It is two weeks now until I leave on tour across Europe with Zucchini Drive, and there are still a number of things that need to be sorted out. First on the agenda: what books to bring.
I always bring books on tour. That’s not to say I always read each of the books I bring, but it’s always comforting to have them with me. In fact, I usually bring books everywhere I go, just in case an opportunity arises to sneak in a few pages. However, I often have a hard time narrowing down which book to give my time to, as is evidenced by my bedside table, on top of which is piled a dozen or so varied texts at any given time. To reign-in this indecisiveness, over the years I’ve developed a system to help me pare down the amount of books I carry with me to three at a time. This system mainly consists of classifying the books that I tend to read into three tiers, then limiting the books I bring with me to one of each of these tiers.
The first tier I could call the “heavy” tier. This group of books are the most dense and challenging, and literally the heaviest. Even though I always have one of these books with me, they probably aren’t read as often as the others, since they usually require a confluence of three things that I do not excel at: sobriety, well-restedness and ambition. But despite these limitations, it’s important to bring a “heavy” text with you. Sometimes when I’m in no shape to read at all, I’ll hold one of these books open and stare blankly at the pages so that I can at least appear smart to people who (like me) are always trying to see what others are reading in public. Some favorite examples of mine from this tier would include the 19th century German Idealist Georg Hegel’s “Science of Logic” or James Joyce’s penultimate English-language novel “Ulysses.”
The second tier of books I might call the “intermediate” tier. These types of books are often novels, but can also be less challenging non-fiction books. The intermediate tier is good for when you’re maybe not in the best reading circumstances, such as in a car (motion sickness) or at sound-check, but you have a little bit of time to kill and are not totally blurry-eyed and scatter-brained from a crippling hangover. Examples of these types of books would be something like a Hemingway or Faulkner novel, or a book I borrowed recently from my friend Sam called “Rip It Up and Start Again,” written by an ex- senior editor of Spin Magazine, Simon Reynolds, about the post-punk movement in Europe and the US from 1978-84.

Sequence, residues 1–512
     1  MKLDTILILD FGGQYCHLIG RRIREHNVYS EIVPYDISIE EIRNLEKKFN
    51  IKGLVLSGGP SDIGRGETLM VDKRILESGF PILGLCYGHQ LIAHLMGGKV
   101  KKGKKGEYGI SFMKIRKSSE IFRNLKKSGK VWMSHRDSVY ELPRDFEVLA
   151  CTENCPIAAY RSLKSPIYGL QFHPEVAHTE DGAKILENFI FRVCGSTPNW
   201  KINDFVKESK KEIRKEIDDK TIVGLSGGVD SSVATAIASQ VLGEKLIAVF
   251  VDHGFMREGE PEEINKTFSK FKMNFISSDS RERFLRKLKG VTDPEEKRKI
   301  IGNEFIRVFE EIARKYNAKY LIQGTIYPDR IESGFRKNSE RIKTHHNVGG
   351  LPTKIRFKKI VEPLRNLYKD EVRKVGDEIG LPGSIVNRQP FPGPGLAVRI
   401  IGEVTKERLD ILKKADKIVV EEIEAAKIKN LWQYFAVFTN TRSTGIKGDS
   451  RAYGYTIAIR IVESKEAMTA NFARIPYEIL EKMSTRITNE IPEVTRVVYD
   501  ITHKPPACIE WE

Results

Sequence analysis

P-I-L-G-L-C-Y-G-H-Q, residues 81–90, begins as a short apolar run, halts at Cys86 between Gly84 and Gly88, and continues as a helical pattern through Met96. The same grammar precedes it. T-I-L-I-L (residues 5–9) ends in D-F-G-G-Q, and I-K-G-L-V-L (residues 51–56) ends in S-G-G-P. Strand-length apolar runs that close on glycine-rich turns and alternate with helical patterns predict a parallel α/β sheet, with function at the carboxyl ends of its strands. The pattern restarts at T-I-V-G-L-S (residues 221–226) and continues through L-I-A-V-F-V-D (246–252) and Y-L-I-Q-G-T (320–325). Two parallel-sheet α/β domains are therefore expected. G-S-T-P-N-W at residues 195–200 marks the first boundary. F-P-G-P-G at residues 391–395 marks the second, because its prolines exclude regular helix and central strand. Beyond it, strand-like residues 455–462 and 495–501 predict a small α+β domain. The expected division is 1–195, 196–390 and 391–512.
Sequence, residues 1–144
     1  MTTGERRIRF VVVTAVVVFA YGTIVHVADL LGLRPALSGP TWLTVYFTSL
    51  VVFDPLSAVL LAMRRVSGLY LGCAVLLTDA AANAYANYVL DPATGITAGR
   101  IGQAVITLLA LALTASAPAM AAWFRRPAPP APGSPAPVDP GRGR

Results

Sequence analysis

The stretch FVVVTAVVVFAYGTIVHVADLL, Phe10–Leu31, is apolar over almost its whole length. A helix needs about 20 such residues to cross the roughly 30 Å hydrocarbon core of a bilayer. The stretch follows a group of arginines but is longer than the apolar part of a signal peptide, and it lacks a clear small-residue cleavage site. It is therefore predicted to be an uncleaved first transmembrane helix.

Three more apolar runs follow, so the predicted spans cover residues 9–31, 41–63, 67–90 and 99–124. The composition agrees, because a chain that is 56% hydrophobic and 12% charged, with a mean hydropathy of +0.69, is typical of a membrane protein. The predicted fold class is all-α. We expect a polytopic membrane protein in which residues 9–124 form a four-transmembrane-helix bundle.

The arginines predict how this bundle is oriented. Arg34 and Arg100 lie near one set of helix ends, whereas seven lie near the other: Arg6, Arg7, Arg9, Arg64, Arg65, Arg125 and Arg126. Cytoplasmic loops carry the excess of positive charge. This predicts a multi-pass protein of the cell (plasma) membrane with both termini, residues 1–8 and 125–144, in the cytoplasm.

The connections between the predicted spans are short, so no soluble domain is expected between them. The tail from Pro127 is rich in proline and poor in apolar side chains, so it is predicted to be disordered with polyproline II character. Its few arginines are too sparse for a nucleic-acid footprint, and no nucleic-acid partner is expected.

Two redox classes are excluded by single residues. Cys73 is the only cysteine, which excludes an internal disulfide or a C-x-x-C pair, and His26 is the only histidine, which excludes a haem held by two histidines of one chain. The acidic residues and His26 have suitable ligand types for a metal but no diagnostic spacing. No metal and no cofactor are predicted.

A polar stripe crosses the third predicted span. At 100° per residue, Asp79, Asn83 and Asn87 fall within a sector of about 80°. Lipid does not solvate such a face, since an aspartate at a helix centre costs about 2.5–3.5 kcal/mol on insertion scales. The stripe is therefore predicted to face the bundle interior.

Finally, there are the “waiting-room” options. This tier of books would include stuff that is a little easier to deal with when you are maybe in rough-shape, which can tend to happen on tour, or when you don’t have much time to sit down and focus. For me, “waiting-room” books would be something like Canadian poetry, for example Al Purdy or bpNichol, or anything else that doesn’t require long intervals of concentration. That being said, I am well aware that some people have no time nor interest in poetry, which I can understand. We tend to live in an information-based culture, where we’d rather read about an influential poet than actually read an influential poet. I get it. In this case, another good option for “waiting-room” reads are magazines, like some of my current favorites Wax Poetics, or the Winnipeg-based mag “Canadian Dimensions.”
So these are the guidelines I have set up for myself. I plan to bring three books with me to Europe, one from each of these tiers that I have sketched out. Now I turn to you, and ask for any suggestions you may have for me in terms of books I should bring. I am looking specifically for books that would enhance my European experience, but that of course is up to interpretation.
For more on the European tour, including dates and venues, you can go here.